At this moment the cook stuck his head in at the open door.
"Say, you fellows," he complained, "I got to be up at three o'clock. Ain't you never going to turn in?"
"Shut up, Doctor!" "Somebody kill him!" "Here, sit down and listen to this yarn!" yelled a savage chorus.
There ensued a slight scuffle, a few objections. Then silence, and the stranger took up his story.
I had a chum named Billy Simpson, and I rung him in for friendship. Then there was a solemn, tall Texas young fellow, strong as a bull, straight and tough, brought up fighting Injins. He never said much, but I knew he'd be right there when the gong struck. For fourth man I picked out a German named Schwartz. He and Simpson had just come back from the mines together. I took him because he was a friend of Billy's, and besides was young and strong, and was the only man in town excepting the sailor, Anderson, who knew anything about running a boat. I forgot to say that the Texas fellow was named Denton.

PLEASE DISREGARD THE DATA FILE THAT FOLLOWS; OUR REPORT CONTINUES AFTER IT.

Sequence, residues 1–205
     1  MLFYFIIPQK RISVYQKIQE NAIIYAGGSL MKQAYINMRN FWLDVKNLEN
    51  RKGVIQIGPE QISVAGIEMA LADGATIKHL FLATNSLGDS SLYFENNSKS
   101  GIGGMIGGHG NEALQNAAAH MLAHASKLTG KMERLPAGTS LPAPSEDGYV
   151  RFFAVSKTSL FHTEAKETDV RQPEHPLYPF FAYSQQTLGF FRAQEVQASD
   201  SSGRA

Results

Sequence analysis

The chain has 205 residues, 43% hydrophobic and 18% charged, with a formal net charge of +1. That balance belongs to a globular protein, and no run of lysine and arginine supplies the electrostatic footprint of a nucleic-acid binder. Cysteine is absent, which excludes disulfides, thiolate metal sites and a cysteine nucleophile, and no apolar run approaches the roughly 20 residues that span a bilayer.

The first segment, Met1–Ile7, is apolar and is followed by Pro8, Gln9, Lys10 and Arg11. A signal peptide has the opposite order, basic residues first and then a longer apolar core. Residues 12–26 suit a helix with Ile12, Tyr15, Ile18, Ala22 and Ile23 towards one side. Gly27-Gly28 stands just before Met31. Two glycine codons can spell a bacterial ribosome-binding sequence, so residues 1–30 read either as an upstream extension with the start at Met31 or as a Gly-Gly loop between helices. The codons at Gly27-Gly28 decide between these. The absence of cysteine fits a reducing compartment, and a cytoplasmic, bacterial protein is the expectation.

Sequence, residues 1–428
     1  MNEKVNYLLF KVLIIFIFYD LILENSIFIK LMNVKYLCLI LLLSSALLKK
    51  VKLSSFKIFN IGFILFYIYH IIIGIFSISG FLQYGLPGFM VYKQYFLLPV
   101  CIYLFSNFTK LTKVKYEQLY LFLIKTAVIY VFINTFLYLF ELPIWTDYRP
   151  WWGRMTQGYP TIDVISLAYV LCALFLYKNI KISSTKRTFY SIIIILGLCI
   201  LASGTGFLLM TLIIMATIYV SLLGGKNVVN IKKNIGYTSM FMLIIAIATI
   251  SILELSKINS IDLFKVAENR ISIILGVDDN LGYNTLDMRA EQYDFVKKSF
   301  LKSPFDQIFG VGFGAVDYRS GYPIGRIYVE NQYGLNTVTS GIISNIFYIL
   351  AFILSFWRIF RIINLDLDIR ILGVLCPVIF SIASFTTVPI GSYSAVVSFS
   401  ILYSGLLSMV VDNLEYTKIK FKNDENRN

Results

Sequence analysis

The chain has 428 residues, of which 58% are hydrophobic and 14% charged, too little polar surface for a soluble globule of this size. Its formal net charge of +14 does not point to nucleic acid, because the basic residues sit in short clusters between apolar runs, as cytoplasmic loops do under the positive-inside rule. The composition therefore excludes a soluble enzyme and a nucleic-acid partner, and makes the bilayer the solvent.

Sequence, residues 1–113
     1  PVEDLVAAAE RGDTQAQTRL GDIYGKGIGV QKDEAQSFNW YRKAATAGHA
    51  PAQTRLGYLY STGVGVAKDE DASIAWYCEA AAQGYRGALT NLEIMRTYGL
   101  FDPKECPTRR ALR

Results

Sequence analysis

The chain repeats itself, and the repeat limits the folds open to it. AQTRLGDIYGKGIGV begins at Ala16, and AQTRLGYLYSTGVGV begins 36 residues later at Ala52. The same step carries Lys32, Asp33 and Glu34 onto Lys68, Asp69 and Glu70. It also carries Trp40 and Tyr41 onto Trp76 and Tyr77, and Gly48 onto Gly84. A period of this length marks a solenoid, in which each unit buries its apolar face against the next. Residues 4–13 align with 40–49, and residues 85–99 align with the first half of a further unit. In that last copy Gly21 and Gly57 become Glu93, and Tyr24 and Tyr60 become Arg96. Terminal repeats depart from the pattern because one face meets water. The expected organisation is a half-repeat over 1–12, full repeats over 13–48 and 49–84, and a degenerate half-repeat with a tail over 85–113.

Handy Solomon had his boat all picked out. It belonged to some Basques who had sailed her around from California. I must say when I saw her I felt inclined to renig, for she wasn't more'n about twenty-five feet long, was open except for a little sort of cubbyhole up in the front of her, had one mast, and was pointed at both ends. However, Schwartz said she was all right. He claimed he knew the kind; that she was the sort used by French fishermen, and could stand all sorts of trouble. She didn't look it.